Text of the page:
Monday, October 08, 2018

The unlikely but possible down side for the right by shoving Kavanaugh through

As the right crows about their victory in getting Kavanaugh onto the Court, there seems to be little recognition that their tactic produced a real (albeit remote) potential downside. The Kavanaugh hearings revealed that the judge likely committed perjury during his 2006 confirmation hearing for his appointment to the DC Circuit Court of Appeals, and he pretty clearly perjured several more times during last month's confirmation proceedings. The way he was rocketed through confirmation while refusing to provide the Senators with most of the documents from his time working at the Bush White House and having a bullshit FBI investigation that found "no collaboration" to the stories of his sexual misconduct when the FBI was contacted by more than 40 witnesses who were never interviewed, has left a lot of Democrats feeling the entire process was a sham.

Even though Kavanaugh is now on the Court, putting him there has damaged the credibility of the Court and has left an "impeach Kavanaugh" movement in its wake. Since the failed removal after impeachment of Samuel Chase, the general consensus is that impeachment of a Supreme Court Justice should only happen in extreme circumstances (not just because the Justice's decisions are unpopular). Perjury is a real crime. Other federal judges have been removed for perjury in recent times.

But removing a judge or justice by impeachment is really hard to do. You need a majority vote in the House of Representatives to impeach, but then a 2/3 vote in the Senate for a conviction. Current projections of next month's election have the Democrats taking the House but remaining the minority in the Senate. A Democratic Senate takeover, however, is possible (currently 538 gives it a 21.6% chance of happening). But if it does happen, the Democrats will have only a bare majority, with 51 out of 100 votes, 53 at most. One of those votes will be Senator Manchin, who just voted to confirm Kavanaugh. I think it is all but impossible to expect Kavanaugh to be impeached and removed in the next two years. That would take not just the Democrats to take the Senate, but also to get Manchin and approximately 16 other Republicans to switch their position on Kavanaugh and remove him from office for something that was already publicized before they voted to confirm him last week.

After 2020, however, the outlook will probably change. I am assuming that Trump remains unpopular (I think that's a fair assumption, and I am fairly sure his popularity will sink much lower if the economy goes South). While the GOP may hang on to the Senate in 2018 because the electoral map favors their party, the Senate map in 2020 favors the Democrats (Republicans will be defending 21 seats in 2020, when Democrats will only be defending 11). Even if the Democrats don't get the Senate this year, if Trump causes a second blue wave in 2020, there's a fair chance that the Democrats could end up with close to 60 seats. Maybe even more. Another wave would also get them the White House and would leave the GOP a rump of a minority party, with plenty of incentives for a few remaining Republican Senators to buck their party line on occasion even on matters of the Supreme Court (just as Manchin just did to save his ass in WV).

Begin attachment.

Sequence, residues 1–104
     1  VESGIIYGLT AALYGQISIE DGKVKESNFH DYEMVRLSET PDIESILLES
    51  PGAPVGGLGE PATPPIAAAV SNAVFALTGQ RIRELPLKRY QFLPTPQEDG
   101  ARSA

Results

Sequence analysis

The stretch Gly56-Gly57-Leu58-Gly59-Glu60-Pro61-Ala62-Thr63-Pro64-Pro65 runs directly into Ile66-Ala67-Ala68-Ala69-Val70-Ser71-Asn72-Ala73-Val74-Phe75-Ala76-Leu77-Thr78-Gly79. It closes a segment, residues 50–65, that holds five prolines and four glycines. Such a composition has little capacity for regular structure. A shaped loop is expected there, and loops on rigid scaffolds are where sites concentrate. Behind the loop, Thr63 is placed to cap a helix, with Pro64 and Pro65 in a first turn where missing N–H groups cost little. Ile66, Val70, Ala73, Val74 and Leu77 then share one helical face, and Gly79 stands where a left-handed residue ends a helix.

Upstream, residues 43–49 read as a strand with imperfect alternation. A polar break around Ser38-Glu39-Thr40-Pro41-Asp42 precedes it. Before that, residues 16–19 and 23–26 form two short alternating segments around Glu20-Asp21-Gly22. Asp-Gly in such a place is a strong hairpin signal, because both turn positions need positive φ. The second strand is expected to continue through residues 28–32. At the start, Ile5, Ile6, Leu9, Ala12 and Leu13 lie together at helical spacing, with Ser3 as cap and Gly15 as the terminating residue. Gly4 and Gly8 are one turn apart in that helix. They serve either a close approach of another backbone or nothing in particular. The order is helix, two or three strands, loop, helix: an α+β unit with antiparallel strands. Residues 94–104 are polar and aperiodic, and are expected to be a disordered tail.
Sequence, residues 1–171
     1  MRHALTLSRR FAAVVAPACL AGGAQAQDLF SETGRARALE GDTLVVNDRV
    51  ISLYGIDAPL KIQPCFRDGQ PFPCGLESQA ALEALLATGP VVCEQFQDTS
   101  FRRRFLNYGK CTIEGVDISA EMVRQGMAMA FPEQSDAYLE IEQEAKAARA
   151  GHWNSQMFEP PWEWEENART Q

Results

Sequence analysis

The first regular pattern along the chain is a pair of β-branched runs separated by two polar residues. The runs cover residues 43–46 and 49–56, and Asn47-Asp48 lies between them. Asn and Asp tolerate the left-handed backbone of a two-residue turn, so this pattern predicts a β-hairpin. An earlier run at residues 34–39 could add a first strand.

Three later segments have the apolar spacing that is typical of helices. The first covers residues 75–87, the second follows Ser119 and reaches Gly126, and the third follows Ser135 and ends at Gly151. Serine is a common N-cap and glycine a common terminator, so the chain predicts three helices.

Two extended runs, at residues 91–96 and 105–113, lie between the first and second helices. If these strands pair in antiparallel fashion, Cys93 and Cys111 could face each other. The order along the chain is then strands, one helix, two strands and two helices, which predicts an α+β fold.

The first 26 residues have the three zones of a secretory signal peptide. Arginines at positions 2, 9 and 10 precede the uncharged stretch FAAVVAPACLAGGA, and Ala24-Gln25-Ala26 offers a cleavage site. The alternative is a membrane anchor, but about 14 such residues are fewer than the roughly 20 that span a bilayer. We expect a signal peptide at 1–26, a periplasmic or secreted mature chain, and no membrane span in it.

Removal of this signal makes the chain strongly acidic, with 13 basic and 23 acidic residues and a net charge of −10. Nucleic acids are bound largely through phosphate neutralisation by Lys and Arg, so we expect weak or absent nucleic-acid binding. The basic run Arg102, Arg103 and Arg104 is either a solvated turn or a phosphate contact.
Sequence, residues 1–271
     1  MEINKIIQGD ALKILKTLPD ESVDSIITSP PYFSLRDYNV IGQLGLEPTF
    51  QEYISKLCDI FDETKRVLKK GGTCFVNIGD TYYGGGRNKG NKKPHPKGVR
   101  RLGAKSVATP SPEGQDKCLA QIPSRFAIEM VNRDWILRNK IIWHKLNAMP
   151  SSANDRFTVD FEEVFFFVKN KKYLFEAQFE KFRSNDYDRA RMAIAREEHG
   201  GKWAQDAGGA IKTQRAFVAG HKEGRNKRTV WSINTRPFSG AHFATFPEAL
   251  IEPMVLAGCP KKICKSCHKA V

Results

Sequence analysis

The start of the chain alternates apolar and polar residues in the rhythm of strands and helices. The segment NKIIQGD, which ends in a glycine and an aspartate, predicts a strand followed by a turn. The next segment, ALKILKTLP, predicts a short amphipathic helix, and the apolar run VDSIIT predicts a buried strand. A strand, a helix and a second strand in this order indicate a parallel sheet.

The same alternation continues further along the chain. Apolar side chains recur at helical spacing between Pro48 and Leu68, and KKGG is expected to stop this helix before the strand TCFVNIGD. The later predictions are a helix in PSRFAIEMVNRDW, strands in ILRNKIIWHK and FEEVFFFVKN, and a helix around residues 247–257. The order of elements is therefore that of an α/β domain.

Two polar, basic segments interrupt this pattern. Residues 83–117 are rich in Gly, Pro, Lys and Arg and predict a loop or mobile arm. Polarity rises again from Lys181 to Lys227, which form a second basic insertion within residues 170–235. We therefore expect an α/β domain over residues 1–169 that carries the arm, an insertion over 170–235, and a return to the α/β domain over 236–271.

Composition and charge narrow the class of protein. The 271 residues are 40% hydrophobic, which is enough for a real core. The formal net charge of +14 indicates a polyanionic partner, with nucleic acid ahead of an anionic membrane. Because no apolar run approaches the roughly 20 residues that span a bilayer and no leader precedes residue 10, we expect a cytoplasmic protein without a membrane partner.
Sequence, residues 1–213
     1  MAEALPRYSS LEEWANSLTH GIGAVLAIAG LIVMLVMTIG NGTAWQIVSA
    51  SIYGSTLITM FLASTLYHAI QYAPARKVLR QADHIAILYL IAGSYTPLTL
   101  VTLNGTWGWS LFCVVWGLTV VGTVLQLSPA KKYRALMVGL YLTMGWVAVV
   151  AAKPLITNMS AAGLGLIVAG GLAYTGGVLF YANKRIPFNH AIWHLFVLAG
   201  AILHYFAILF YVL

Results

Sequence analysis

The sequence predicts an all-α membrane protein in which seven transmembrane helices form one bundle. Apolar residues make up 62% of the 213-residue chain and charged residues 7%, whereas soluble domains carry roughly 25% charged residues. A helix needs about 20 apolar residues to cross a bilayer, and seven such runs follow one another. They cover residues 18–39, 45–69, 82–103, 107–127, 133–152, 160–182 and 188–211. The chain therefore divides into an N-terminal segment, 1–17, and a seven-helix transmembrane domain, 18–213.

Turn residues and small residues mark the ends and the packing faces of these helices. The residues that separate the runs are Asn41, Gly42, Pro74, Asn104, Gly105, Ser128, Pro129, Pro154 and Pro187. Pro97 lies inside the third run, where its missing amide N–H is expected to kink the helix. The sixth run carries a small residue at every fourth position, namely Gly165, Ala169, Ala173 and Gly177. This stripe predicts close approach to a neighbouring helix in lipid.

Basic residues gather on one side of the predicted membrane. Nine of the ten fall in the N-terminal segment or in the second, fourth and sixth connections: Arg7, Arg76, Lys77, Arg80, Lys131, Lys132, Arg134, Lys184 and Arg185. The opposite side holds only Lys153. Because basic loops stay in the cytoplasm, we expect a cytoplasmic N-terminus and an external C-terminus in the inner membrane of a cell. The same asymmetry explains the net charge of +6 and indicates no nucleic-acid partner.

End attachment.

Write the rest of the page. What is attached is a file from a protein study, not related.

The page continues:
At that point, a Kavanaugh removal by impeachment could be a real possibility. If he turns out to be an unpopular justice, if he is associated with Trump and Trump himself is discredited, if the Democrats have regained both political branches of government (that is a lot of ifs, but they all are real possibilities) and if the "impeach Kavanaugh" movement does not lose steam. That last one is where I see the problem.  When the raw feelings of last week fade away, it will be hard to keep up the energy to impeach him years from now when there will be so many other post-Trump messes to clean up. But if the energy can be sustained the makeup of Congress, Kav might be impeached. And if he is, the Democratic president would be able to appoint a successor.

Make no mistake, the scenario I just described is not likely to happen. It is, in fact, very unlikely. But it could happen. It is not outside the realm of possibility. If they had just dropped Kav last week and appointed someone else, another candidate who, no doubt, would vote just as Kavanaugh will on the Court, but who isn't a perjurer, then they would be in no danger of losing the seat whenever the Democrats retake control again.